Tuesday, November 20, 2012
I'm Bi. Curious?, Dept.
Missed Skyfall in its blow-your-face-off IMAX incarnation, unfortunately. But saw it.
I was influenced by surprisingly good press. Usually, the 23rd film in a series isn't very good...oh wait, I can't generalize to all those other 20+-film megahit franchises that don't exist in the global market.
Daniel Craig is the anointed successor to Sean Connery. The others may have their adherents. I do not number myself amongst them. And very much not of panto spy Roger Moore, whom I can no longer imagine going through his shtick without hearing "Yakety Sax" for soundtrack.
Skyfall hit all the marks. Action. Love. Loss. Locales. Humor. Molten love interest in the form of Bérénice Marlohe. It moves the Big Story forward. The Mission: Impossible series tries to do that too, but as I don't relate to Tom Cruise's characters as any more or less real than his public persona, it all takes on a kind of flatness for me. His character (what's his surname? Falcon? Neutrino? Thrust?) had a wife or someone who died or lived but thinks he's dead? or knows he's alive? I don't care. At all. I didn't even remember he was married or engaged or petting above the waist. So, I'll consider his films not to have met their half of our brief contractual relationship. At the end of The Empire Strikes Back, I pretty much carried away that Han was encased in carbonite, to offer one particular benchmark for mainstream film series to hit.
So, Skyfall. I neglected to mention (on purpose!) the Villain. And gratefully it's not Sociopathic Eurotrash or Ethnic Megalomaniac. But a proper, unhinged bad guy with a backstory that folds neatly into the theology and none of the "threatens to flambé Canada with a laser scalpel from space" Mooreiana. I know...the co(s)mic scale of the mid-period Bonds gave them a sort of Barbarella camp, but I like martini Bond rather than drink-that-looks-naked-without-at-least-one-paper-umbrella Bond. Javier Bardem, blonde and fey (or as Entertainment Weekly had it, "sexually ambiguous,") is restrainedly over the top, moving the Bond Villain closer to a Heath Ledger Joker. I do wonder what motivated the decision to have the character exhibit a bit more polymorphous perversity. Bardem's character range is popularly defined by the gamut of macho running from Vicky Cristina Barcelona's irresistible lover to the brutality of his hired killer in No Country for Old Men. By contrast, he appears to play on both teams here, melding the omnivorous lover and stone killer, in his critically and popularly well-received interpretation of Raoul Silva.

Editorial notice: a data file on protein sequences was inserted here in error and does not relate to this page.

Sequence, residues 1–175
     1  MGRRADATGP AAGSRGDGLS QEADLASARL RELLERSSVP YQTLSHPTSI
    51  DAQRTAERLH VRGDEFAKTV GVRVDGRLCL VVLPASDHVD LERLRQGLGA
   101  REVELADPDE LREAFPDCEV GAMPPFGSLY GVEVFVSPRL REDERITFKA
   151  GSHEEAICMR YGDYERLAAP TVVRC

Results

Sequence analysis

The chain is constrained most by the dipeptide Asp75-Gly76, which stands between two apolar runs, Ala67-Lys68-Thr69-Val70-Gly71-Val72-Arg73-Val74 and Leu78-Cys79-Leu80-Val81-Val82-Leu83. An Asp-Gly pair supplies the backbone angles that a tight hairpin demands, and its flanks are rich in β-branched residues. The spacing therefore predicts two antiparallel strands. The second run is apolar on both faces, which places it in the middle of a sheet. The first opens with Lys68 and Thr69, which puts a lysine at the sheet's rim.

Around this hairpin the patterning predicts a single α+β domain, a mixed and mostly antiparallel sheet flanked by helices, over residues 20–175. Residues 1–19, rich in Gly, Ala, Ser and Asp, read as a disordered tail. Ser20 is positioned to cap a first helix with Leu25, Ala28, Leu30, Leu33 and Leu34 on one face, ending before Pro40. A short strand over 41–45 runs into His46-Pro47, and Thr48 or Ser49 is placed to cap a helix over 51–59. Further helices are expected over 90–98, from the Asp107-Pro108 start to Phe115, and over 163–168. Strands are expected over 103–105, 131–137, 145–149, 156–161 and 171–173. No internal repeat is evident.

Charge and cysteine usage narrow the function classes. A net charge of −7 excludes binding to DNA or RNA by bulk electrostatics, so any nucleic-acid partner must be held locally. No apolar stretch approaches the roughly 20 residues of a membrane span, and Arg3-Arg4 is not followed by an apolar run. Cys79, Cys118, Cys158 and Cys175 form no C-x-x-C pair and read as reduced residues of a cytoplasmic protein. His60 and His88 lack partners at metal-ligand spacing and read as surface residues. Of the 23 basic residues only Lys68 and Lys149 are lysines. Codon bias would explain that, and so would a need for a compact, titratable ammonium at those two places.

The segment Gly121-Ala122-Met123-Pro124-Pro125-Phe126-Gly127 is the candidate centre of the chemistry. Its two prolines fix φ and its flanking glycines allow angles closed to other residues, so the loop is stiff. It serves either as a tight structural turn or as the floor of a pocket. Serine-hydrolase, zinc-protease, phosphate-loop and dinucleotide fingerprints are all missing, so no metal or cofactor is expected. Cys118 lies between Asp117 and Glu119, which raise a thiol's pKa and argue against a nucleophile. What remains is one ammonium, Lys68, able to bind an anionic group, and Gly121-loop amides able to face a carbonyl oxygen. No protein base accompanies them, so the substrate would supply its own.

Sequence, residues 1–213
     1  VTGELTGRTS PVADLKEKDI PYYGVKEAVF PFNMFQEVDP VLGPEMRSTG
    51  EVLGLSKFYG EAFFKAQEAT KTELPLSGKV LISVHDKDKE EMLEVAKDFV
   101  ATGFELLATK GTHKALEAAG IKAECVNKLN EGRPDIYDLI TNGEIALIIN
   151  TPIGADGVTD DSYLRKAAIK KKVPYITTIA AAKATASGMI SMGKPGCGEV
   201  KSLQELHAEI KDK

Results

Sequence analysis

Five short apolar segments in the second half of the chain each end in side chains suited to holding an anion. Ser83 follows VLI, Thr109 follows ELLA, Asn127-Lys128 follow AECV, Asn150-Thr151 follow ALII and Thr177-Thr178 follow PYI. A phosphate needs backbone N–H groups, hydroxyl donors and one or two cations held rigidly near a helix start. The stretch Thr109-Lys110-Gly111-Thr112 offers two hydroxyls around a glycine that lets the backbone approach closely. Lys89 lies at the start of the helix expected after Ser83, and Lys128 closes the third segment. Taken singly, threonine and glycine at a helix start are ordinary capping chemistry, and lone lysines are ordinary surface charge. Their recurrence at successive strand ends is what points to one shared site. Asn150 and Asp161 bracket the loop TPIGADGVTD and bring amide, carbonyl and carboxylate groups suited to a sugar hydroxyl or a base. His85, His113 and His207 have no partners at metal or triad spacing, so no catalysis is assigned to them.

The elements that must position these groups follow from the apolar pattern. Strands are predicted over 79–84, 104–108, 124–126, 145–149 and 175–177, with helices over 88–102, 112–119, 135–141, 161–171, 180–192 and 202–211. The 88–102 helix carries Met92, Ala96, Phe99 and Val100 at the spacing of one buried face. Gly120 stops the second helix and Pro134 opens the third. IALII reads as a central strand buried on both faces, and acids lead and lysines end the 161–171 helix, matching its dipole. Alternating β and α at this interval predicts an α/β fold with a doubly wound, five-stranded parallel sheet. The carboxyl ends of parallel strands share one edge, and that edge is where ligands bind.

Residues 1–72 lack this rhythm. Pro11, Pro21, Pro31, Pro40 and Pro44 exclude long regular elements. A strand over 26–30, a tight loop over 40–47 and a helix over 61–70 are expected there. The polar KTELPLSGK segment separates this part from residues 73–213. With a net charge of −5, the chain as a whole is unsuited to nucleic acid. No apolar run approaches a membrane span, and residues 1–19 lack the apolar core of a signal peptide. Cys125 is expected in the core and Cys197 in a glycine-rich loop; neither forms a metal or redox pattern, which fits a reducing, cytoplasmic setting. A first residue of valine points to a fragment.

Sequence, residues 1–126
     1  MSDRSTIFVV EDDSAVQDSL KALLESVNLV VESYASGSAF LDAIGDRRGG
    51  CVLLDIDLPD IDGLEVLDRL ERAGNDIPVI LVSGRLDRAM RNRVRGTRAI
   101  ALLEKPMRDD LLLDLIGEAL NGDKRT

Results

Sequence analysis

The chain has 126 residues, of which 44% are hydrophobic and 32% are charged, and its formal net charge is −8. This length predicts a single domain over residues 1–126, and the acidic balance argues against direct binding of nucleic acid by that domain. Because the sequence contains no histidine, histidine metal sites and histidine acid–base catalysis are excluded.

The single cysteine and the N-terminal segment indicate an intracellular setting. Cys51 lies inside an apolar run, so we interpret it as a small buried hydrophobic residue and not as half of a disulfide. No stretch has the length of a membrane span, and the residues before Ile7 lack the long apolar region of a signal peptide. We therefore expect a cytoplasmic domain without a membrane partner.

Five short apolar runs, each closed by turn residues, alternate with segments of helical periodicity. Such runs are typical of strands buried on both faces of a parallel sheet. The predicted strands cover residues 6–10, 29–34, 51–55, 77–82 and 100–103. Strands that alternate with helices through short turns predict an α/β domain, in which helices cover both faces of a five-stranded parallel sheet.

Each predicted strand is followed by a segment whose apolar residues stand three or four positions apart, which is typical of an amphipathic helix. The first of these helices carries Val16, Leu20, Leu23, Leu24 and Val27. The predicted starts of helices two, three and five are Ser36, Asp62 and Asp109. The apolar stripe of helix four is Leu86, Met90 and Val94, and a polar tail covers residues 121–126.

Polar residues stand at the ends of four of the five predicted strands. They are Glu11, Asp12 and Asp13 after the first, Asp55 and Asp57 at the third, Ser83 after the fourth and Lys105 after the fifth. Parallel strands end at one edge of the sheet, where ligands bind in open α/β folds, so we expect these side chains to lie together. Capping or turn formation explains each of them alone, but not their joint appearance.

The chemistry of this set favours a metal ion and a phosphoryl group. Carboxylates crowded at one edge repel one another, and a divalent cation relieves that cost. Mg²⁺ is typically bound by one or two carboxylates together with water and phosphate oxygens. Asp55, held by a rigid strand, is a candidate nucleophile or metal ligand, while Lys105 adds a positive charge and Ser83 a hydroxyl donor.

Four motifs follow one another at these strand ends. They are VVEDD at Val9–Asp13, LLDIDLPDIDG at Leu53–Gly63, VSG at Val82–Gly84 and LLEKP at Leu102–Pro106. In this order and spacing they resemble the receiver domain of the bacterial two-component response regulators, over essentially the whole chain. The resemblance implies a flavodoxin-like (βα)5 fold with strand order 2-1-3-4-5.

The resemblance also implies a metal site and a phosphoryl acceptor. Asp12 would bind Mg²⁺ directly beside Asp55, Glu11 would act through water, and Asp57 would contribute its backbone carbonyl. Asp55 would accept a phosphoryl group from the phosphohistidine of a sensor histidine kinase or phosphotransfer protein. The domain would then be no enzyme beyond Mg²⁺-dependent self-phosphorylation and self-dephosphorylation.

Shanghai has a dazzling turn in the film's mid-section. It's so interesting to see it portrayed as this glittering exemplar of exotic modernity. Your sobsister was there in the early-mid '90s, when it was just just beginning to shed its Mao-era skin and lay down the foundations for the transformation east of the city across the Huangpu River. It was the summer that sunglasses and sidewalk ice cream shops seemed to be every where. In Skyfall, it takes on a Blade Runner-ish LED gloss reflected on new buildings, new windows, new walls.
So, go. Run like the wind if you've not seen it yet. Escapist fare with some chew to it. And a finale not in space or astride a volcano but in raw Northern countryside familiar to Bond.